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Hi I'm Sandra R. Webster

I'm a Mormon.

About Me

I am, at 59, a woman, a wife, a mother, and a grandmother. They are the titles I most cherish. I was given up for adoption as an infant by a brave young unwed woman, who's hopes and dreams were for her baby to grow up in a good family. Her dreams came true, and I did. Which isn't to say that my family isn't a little crazy. But then, whose family isn't? Because I was adopted, I grew up with a strong sense of family, and particularly, of motherhood. I married, during the height of the feminist movement, needing and wanting to be a fulfilled woman. For me, that meant being a mother, and I was blessed to have 5 utterly wonderful children. I continued my education and became a childbirth preparation instructor, so even my work was close to my heart. There were problems in my marriage, and they were insurmountable. My husband and I divorced after 14 years of marriage, and the family I so cherished was fractured. It was like a death. But I was guided to a man who, with a heart full of love and commitment--and four children of his own--married me, and became a second father to my children, while never negating the love they had for their dad. That was all over 25 years ago. Bruce and I, along with the love and support of many, raised nine children--and now there are 14 grandchildren, as well! We're empty-nesters, after never being typical newlyweds. Our love grows ever deeper. Life, family, love, and my faith in Jesus Christ, give me joy deeper than words can express.

Why I am a Mormon

I am a Mormon, first, by birth, but long since by choice. Both my biological mother, and my adopted parents, are members of the Church of Jesus Christ of Latter-Day Saints. Though a native Utahn, because my dad was a construction foreman for an engineering firm, we lived many places in the US and Canada, and seldom in Utah. That meant our family was often a source of curiosity, since our travels took us to places where there were few, if any, Mormons. Because of this, my parents instilled in me the need to learn about my faith so I could share, and at times defend, it. And since we were rarely close to our own extended family, the other Church members--wherever we lived--became like family. But there always comes a time, regardless of one's upbringing, when the faith of others isn't enough, when we must decide for ourselves, experience for ourselves, what our faith means to us. I've had many opportunities for my beliefs and faith to be challenged, sometimes beyond what I've felt I could endure. But my belief in a loving God, a personal God, and a Savior who gave everything for me, has reached bedrock over the years. I love, with all my heart, being a Mormon. There's always been a bit of the rebellious in me, and in a strange way, being a Mormon, standing out, and standing up for my beliefs, has been a part of that rebelliousness, as if to say, "Look at me! I am different! Wanna know why? Dare 'ya!" I love who I am, and I'm always willing to share what gets me through life with peace and clarity, in spite of turmoil and problems.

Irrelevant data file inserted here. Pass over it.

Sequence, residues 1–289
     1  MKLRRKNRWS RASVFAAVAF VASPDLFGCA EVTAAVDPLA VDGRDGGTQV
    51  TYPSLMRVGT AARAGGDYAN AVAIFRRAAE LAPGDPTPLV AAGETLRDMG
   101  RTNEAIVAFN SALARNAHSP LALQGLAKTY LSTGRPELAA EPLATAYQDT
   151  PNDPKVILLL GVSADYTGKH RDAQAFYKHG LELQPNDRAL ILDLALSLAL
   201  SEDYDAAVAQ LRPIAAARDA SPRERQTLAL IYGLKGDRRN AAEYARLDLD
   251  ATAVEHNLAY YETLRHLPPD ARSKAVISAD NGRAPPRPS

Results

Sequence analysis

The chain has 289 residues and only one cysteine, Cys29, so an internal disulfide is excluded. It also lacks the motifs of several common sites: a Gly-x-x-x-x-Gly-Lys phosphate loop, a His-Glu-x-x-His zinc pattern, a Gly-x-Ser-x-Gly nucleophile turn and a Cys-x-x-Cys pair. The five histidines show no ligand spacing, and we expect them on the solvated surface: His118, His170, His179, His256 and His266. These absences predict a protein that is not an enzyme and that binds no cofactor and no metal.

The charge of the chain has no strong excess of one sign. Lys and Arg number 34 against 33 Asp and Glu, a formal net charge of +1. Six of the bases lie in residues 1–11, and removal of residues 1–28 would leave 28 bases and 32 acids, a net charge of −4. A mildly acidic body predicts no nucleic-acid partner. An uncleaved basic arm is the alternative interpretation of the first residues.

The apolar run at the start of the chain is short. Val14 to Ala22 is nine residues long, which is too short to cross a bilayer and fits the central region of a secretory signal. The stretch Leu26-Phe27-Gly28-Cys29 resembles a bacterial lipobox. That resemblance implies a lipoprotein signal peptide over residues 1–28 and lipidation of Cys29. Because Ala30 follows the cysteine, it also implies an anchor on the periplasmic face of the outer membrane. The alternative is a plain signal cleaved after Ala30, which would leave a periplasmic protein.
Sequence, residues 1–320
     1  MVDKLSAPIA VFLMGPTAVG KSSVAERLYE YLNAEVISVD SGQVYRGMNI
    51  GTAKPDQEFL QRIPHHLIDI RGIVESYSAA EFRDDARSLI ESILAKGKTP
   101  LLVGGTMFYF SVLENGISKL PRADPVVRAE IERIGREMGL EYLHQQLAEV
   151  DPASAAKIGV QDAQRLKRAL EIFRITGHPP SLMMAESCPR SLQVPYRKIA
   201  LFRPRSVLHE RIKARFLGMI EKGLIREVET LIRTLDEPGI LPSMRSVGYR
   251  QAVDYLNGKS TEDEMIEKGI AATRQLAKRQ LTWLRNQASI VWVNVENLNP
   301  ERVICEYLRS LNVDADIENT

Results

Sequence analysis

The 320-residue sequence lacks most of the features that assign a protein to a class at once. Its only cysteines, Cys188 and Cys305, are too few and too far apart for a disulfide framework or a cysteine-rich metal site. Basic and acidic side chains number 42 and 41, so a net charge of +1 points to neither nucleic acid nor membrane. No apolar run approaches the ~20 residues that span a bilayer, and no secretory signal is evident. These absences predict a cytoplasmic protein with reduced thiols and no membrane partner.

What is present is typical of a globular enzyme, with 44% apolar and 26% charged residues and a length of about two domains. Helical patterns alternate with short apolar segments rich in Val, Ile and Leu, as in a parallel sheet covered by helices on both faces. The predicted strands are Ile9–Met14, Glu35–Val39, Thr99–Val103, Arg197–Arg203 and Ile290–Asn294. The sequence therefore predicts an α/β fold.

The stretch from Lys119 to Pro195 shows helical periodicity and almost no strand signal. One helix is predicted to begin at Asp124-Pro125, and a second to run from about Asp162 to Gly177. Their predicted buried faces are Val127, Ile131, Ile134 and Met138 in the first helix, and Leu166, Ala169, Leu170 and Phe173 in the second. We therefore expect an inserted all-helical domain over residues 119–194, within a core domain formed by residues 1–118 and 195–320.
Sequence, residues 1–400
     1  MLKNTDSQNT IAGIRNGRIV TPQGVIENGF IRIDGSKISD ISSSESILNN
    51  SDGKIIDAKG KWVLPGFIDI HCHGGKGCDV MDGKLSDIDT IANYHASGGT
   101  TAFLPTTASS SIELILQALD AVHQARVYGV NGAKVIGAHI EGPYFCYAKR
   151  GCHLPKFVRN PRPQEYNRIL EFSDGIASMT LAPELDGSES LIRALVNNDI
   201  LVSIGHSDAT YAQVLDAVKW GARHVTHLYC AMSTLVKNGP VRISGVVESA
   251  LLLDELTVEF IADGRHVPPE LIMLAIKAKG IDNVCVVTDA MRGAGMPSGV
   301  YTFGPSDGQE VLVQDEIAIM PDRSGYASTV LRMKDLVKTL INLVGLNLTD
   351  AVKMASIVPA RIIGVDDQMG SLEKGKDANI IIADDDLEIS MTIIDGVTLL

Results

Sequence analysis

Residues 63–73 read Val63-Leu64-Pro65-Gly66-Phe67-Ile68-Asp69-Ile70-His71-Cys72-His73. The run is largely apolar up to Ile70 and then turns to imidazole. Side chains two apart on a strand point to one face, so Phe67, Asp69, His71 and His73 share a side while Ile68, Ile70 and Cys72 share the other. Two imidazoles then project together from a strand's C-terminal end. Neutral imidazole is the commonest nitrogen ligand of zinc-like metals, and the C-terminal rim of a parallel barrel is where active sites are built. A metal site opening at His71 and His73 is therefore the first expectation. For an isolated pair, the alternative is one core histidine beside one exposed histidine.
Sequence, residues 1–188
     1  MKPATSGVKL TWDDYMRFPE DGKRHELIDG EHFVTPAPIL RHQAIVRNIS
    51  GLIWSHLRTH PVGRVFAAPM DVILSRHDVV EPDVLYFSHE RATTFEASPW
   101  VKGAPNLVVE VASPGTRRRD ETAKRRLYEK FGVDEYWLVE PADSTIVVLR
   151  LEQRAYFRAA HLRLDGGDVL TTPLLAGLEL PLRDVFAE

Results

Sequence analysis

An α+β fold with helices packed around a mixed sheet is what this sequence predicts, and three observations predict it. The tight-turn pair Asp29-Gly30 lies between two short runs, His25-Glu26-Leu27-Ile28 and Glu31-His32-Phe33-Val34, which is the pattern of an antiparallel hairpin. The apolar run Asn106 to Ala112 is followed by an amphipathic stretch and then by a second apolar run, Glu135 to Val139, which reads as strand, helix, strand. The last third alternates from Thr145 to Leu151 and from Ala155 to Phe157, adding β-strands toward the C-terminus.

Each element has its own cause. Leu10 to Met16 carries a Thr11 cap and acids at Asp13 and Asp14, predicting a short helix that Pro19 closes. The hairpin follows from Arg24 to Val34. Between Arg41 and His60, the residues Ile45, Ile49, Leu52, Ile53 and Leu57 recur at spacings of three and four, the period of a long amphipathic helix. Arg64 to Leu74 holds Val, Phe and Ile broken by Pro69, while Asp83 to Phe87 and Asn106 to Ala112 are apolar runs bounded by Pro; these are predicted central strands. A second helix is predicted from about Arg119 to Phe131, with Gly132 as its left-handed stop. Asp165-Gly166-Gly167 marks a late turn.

How I live my faith

By stretching--always stretching--to be better. This is not a church one goes to every week; it is a faith one practices every day, all one's life. I love that! So little of excellence is asked of us in our present culture. But in this way, I remind myself every single day that I am a child of God; that He knows me; that He loves me; that He wants the best for and from me. So, over the years, I have voluntarily (as I've been asked) taught little children, and taught grown-ups. I've taught music to children, and led choir for adults. I've played the piano for everybody to sing to, and occasionally, for everybody to listen to. I've helped organize activities for the youth, and taught many lessons to young women, when I worked with the young men and women in the Church. I've learned and taught homemaking skills to other women in our cherished women's charitable organization, the Relief Society. I've worked with cub scouts, and with boy scouts. It goes on and on. I've done things I never would have thought myself capable of, but because they were asked of me, I've given my best effort. I'm only one of millions who do the same thing, day-in-and-day-out, because we love God, we love this earth, and everyone on it.